Why and When To Use Riser Rated Cables

Joe Roberts
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Why and When To Use Riser Rated Cables

Depending upon your usage and needs, there are different kinds of cables available on the market. You will only get the best value for the money when you pick the perfect cable by your requirements. Ethernet cables are designed differently; some of them are designed for usage in plenum spaces while others are designed for usage in the riser section. In this article, you’ll learn about types of riser-rated cables including Cat6 riser cable, Cat6a riser cable, and Cat5e riser cable.

What is a riser
Rooms or vertical shafts present within a building with aim of allowing water supply lines, electrical conduits, and communication cables [including telephonic and computer networking cables] are called a riser. Through these risers, all aforementioned utilities are distributed vertically.

When it comes to fire resistivity requirements, they are relatively less stringent within these rooms compared with plenum spaces. Now that you have fathomed the concept of the riser, let’s move to the next step.

What is Riser-rated Cable
A riser-rated cable is used or placed in non-plenum areas of the buildings. It means that you can use riser-rated cables in any available spaces in the building except for air ducts and plenum spaces. Riser-rated cables are used to run cables through open ceilings and walls. Riser cable gets its name because of its vertical or riser-shape usage. The importance of riser-rated cables can be gauged from the fact that they act as a backbone for transmitting data, video & audio signals within a building.

Riser-rated cables should meet certain fire resistivity standards. The material used in the riser cable’s jacket is fire retardant Polyvinyl Chloride (PVC). These cables possess top-notch data and voice transmission properties owing to the presence of polyolefin insulation. Both these materials help riser-rated cables to ensure smooth performance even in extreme temperatures.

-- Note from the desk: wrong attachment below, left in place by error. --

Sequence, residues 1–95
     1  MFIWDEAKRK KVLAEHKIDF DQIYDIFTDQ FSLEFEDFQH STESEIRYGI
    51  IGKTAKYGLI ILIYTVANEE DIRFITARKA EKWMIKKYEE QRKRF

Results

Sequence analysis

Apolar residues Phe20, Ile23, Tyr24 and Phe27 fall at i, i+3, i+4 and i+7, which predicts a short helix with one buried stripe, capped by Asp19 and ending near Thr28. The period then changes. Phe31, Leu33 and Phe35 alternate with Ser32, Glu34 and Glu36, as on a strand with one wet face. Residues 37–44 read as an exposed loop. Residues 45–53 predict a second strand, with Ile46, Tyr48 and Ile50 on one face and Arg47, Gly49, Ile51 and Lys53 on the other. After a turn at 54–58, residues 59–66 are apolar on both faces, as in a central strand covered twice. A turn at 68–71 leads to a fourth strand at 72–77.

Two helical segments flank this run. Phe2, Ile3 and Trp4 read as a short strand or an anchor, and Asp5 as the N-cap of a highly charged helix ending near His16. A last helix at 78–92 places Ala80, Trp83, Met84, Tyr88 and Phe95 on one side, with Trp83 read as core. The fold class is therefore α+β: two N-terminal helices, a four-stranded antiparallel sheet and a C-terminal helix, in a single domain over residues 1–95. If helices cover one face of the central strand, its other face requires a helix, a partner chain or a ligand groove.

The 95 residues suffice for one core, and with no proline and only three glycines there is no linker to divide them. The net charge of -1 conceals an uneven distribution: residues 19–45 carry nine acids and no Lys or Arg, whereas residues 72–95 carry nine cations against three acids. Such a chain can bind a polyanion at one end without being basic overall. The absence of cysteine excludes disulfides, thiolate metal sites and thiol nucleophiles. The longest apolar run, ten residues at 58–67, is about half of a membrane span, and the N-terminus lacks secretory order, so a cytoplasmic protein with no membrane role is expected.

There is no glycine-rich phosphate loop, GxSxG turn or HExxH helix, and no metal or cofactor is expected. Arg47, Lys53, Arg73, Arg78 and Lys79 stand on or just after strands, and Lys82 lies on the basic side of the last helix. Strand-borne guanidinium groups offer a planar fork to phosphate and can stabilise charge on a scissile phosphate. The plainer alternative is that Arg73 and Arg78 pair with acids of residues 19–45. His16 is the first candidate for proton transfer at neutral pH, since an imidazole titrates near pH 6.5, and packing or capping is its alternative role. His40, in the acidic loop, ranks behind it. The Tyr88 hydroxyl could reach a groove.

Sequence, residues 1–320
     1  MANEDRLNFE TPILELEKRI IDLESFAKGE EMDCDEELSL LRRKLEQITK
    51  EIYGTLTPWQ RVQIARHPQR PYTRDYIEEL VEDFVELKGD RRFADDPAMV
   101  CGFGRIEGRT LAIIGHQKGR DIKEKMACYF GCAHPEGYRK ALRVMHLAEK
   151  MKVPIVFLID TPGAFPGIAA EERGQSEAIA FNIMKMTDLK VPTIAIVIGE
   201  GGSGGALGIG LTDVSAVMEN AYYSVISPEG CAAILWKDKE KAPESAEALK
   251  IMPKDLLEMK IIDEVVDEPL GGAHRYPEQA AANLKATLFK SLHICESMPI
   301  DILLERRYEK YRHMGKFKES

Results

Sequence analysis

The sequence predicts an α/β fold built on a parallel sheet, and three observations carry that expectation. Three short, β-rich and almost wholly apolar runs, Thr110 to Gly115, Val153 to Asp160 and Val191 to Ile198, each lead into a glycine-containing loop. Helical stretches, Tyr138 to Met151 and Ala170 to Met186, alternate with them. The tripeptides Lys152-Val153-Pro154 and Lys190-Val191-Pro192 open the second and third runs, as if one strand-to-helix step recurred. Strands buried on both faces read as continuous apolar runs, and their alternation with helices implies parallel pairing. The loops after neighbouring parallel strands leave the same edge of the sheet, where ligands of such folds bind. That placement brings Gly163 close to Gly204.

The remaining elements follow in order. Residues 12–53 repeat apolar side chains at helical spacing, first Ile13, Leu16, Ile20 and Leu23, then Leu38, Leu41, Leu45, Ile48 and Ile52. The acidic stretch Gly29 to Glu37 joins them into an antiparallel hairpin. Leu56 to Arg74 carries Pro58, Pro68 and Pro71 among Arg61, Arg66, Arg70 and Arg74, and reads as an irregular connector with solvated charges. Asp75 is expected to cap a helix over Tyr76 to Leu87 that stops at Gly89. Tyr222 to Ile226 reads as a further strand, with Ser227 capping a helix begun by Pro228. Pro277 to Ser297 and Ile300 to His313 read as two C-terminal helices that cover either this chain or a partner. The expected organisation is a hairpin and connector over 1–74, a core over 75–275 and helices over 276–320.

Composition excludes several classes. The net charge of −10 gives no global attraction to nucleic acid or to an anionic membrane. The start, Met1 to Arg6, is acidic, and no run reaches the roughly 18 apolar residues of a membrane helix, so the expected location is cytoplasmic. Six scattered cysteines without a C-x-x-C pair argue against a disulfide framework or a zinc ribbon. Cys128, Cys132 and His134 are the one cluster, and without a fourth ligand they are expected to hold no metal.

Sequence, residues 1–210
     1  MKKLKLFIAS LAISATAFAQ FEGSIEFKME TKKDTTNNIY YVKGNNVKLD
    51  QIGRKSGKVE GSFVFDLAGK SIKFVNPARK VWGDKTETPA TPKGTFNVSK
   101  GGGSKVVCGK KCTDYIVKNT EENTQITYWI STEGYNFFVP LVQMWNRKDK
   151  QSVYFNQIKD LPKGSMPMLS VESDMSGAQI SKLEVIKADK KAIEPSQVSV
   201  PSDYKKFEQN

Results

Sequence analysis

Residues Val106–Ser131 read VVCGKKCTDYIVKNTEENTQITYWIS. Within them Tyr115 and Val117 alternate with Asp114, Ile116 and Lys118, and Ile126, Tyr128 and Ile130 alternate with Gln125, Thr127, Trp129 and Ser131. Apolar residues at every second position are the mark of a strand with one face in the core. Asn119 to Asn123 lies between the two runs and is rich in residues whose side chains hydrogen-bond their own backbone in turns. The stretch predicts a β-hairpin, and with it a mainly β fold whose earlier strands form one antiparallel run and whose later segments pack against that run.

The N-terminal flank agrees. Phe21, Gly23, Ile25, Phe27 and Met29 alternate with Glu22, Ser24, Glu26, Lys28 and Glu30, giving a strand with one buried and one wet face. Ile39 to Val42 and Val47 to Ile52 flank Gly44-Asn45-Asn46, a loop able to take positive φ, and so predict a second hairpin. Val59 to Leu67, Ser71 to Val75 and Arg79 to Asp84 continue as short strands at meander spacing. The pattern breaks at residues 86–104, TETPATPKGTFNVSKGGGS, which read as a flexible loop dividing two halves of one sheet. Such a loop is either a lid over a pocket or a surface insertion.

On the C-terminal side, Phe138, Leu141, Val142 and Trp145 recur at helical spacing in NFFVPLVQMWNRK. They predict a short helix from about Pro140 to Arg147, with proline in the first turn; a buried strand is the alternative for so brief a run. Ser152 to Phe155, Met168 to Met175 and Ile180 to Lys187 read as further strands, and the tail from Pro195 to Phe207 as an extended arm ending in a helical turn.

When to use riser-rated cables
If you need to run a cable between vertical shafts or floors, riser-rated are preferred and the only choice. A riser cable is used in the majority of households. This type of cable is also used to run from floor to floor. Besides, the general usage of this wire includes connecting computers to switches or routers to computers, among several others.

As these cables are made for risers, almost all riser-rated cables come with solid conductors; the result is far better and strong signal strength over longer distances. Speaking of connectivity, you can connect them in several different ways. It can be connected to Keystone Jacks and RJ45’s. The type of connector you choose depends on location and type of cable. You can always replace the riser-rated cable with a plenum cable but can’t do otherwise. Also, a plenum cable is more flame retardant than a riser cable.

Types of Riser Cables
There are several different types of variants of riser-rated cables currently available on the market including Cat5e Riser Rated Cable, Cat6 Riser Rated Cable, and Cat6A Riser Rated Cable. All of them differ in performance and specifications. Pick one that suits your needs best. These cables also come in different structures i-e shielded and unshielded variants.

Unshielded versions are best suited for non-EMI areas whereas you should go with shielded cables in areas that contain EMI. A shielded riser cable saves the network from interference. This leads us to Unshielded Twisted Pairs (UTP). Now let’s discuss some of the most common types of riser cables.

Cat5e Riser Cable
Cat5e riser cable supports a frequency of up to 250 MHz whereas the rated temperature for the same is 75 degrees Celsius. It can handle a data speed of 1GB.

Cat6 Riser Cable
Cat6 Riser Cable supports operating frequency up to 550 MHz and installation temperature between 0 degrees Celsius to 60 degrees Celsius. Just like Cat5e, it has 4 twisted pairs. When compared with Cat5e, it is a bit on the costlier side.

Cat6a Riser Cable
The Cat6a riser cable is made of pure copper 750 MHz cable. It means this variant allows you to achieve the maximum possible speed with ease. This variant is more fire retardant when compared with the previous two versions. This variant allows data transmission at a whooping rate of 10 Gigabits for up to 100 meters wire length. When using these cables, the chances of transmission errors are extremely low as there is less interference because of crosstalk.

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Joe Roberts
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Joe Roberts

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